The fundamental problem when businesspeople use trendy phrases like agility, innovation, resilience and adaptability is that their meaning is not clear. Now the BTM Institute, a nonprofit think tank established to study how best to manage business and technology, has come up with a definition: consistent execution, with constant growth that’s tied to financial performance.
That’s the point made by a new study from BTM Institute, says Faisal Hoque, founder and chair of the BTM Institute.
3 Takeaways on Business-Technology Convergence
Faisal Hoque, founder and chair of the BTM Institute, cites three key lessons from his group's study of business-IT convergence:
1. Top corporate executives should realize the financial impact that a unified business technology organization can have. “That is the most important thing,” Hoque says.
2. Being a converged business technology company does require a different level of management thinking. “You cannot just say, ‘Let’s manage IT as a business,’” he says. “You cannot separate IT from the business. [Business technology] has to be institutionalized.”
3. You have to be able to measure how these business technology management capabilities are guiding organizational maturity and how that connects back to the financial results.
The BTM Institute examined five years’ worth of Global 2000 financial data and analyzed the companies’ capabilities in four functional areas: governance and organization; strategy and planning; strategic investment management; and strategic enterprise architecture. Cross-referencing these sets of data and capabilities shows that companies with what the BTM Institute calls “converged business technology management” have markedly increased financial performance and exhibit superior revenue growth and net margins than others in their respective industries.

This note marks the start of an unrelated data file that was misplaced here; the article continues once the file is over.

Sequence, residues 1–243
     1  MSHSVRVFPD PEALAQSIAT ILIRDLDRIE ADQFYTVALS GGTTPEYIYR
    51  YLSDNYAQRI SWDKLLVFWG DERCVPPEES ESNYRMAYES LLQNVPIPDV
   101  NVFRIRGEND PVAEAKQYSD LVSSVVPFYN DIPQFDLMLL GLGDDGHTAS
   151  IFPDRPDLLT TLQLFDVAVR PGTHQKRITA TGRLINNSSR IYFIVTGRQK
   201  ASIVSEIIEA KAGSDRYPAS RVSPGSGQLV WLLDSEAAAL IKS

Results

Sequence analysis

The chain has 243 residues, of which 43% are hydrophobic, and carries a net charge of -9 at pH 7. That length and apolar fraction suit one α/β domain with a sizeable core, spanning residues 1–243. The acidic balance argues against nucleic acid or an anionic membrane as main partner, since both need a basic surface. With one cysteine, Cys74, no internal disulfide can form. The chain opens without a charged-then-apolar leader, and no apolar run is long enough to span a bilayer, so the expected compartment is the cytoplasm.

In short, the data demonstrates that these companies are agile, innovative and resilient. (The full research report can be downloaded here.)
“This is not about a project or ROI, but it’s about overall performance of the company,” Hoque says. For example, those companies with converged business technology management had 12 percent average annual revenue growth, compared with 4 percent for their industry groups. They also achieved 36 percent average annual earnings per share growth versus 7 percent for the industry groups.
In addition, the converged business technology companies also grew at a faster pace and had greater returns than did their peers, says the report. The supporting data found that they had 6 percent higher EBITD (earnings before interest, taxes and depreciation) margins, 4 percent average higher return on equity, 8 percent average higher return on assets and 14 percent higher return on investments.
So just which companies are these with “converged business technology management”? A partial list includes FedEx, Harrah’s Entertainment, Lockheed Martin, UPS and Wal-Mart. (To read how UPS CIO David Barnes, who is featured in the report, got to where he is, see Nothing Succeeds Like Succession Planning.) “By developing these management capabilities, an organization creates an environment for strategic exploration and business agility,” says the report. “It has a clear understanding of technology’s ability to accelerate both the development of strategic positioning and innovative business models.”
When asked why CIOs should be interested in these findings, Hoque says, “They will become irrelevant otherwise. If you cannot link the things you are doing back to the overall corporate performance, then what’s the point of having not only the CIO role, but even the function itself?”